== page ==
How To Write a Nursing Resignation Letter

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In the world of nursing, job change is a regular path to promotion or at least getting out of an unsatisfactory situation. However, for whatever reason you have decided to leave your nursing job, it’s essential to have a positive exit strategy. Your last impression of your current job can impact your career prospects for years to come.

What to Do Before Turning in Your Resignation Letter

When leaving a job, there is a good chance your place of employment might be unsuspecting of your departure. To mitigate some stress on their end and help with the transition process there are several steps you should take before handing in your resignation letter. These steps will help ensure that you leave your job on a positive note and in good standing with your previous employer.

Organize Your Work Space

Whether in a clinical or office environment, leave your work area in good shape for your successor. Tie up all loose ends and make your files easy to understand and locate. Also, as with any workplace exit, be sure to delete personal files and emails from your computer, along with your browsing history, cookies, and saved passwords. And make sure you have contact info for people you want to stay in touch with.

Get The Details

Check your contract with your hospital/clinic HR about proper resignation procedure; you may be required to provide a specific length of notice beyond the standard two weeks. Also, find out what employee benefits and salary you are entitled to when you leave, such as continuing health coverage, unused vacation, and sick pay, and rolling over 401K.

How to Write a Nursing Resignation Letter

Here’s where the KISS principle applies – keep it super simple. Along with your name and title, give plenty of notice and include the date your resignation will be in effect. If realistic, offer to help during the transition. 

But most importantly, avoid any negativity. Your resignation letter could be included in your employment file and shared with future employers. If you end up moving to a different team within the same hospital or in other medical corporation, this is even more important.

You don’t want any nastiness to get back at you down the road, so before venting any frustration, remember what Moms around the world have at least once told their children: If you don’t have anything nice to say, don’t say it at all.

Nurse Resignation Letter Example

Letters of resignation are often a formality and they can typically be short and to the point. See the example below:

Your Name

 Your Address

 Your Contact Information

Date

Name

 Title

 Company Name

Dear Mr./Ms. Last Name:

Please accept this letter as notification that I am leaving my *nursing position title* with*company name* on *last day*.

I was extremely grateful for this nursing opportunity and learned a lot during my time here. Please let me know if there is anything I can do to help during this period of transition. 

Sincerely,

Your Signature

Ask For a Reference Letter

Before you leave the hospital, ask for a reference or letter of recommendation from your house supervisor, chief nursing officer, attending, department chief, etc… Such a reference documents your credentials for future prospective employers, whether they’re within the same organization or a new hospital or clinic.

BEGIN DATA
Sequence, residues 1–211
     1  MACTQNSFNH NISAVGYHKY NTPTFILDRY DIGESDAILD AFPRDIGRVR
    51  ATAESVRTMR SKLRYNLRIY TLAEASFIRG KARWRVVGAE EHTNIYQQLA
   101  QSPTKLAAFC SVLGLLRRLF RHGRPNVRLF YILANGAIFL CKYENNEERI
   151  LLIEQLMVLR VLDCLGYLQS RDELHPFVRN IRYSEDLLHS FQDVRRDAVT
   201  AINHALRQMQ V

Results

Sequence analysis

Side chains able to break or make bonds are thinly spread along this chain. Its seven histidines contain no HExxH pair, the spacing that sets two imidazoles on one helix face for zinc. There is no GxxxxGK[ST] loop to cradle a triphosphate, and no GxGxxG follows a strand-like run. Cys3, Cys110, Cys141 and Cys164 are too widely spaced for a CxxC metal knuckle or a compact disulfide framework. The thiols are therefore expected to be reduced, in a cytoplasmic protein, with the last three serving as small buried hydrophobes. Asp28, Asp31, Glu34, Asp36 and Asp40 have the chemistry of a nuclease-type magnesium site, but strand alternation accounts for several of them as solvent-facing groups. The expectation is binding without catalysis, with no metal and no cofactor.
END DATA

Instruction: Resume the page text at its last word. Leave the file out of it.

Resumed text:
Say Goodbye to Coworkers

Take time to send a farewell message to co-workers and attend any farewell gathering that might be planned for you. This sounds like a given but it’s important to do this, regardless of the relentless pace of most medical jobs, right until you clock-out for the last time. Give out contact info if you wish to stay in touch. 

 Even though you may never work with your coworkers again it is only beneficial to build a positive relationship with them. In the future, they could provide you with a recommendation or referral letter for another job. So it is important to take these extra steps in saying goodbye.

Take Time Out For You

Lastly, keep in mind that any job change can drain you of mental, physical, and emotional energy. Take time to recharge your batteries so you can be energetic and enthusiastic in your new position.

If you are thinking about leaving your job, you may want to consider other nursing employment options that have built-in end dates, so there is no pressure of writing a nursing resignation letter. Per diem nurse jobs offers you the flexibility to work shifts around your schedule. As a travel nurse, you typically are contracted to work a set amount of time and then move on to your next assignment elsewhere, all while traveling the country.

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Tera Rowland
Contributor Tera Rowland

Tera Rowland is the vice president of Soliant and has worked in the healthcare staffing industry for almost 20 years in public relations, social media, marketing and operations. In addition to Soliant, Tera worked at the Mayo Clinic as an internal communication manager and for the Children’s Miracle Network. She is a member of the American Marketing Association and the American Staffing Association. Also, Tera has served on the board of directors for the Jacksonville Women’s Leadership Forum as part of the communication committee. She has a Bachelor of Science degree in Public Relations as well as a Master of Business Administration in Marketing from the University of North Florida and has been published in the Huffington Post, Healthcare Finance News, Healthcare Traveler Magazine, and Scrubs Magazine. Make sure to read the rest of Tera's blogs!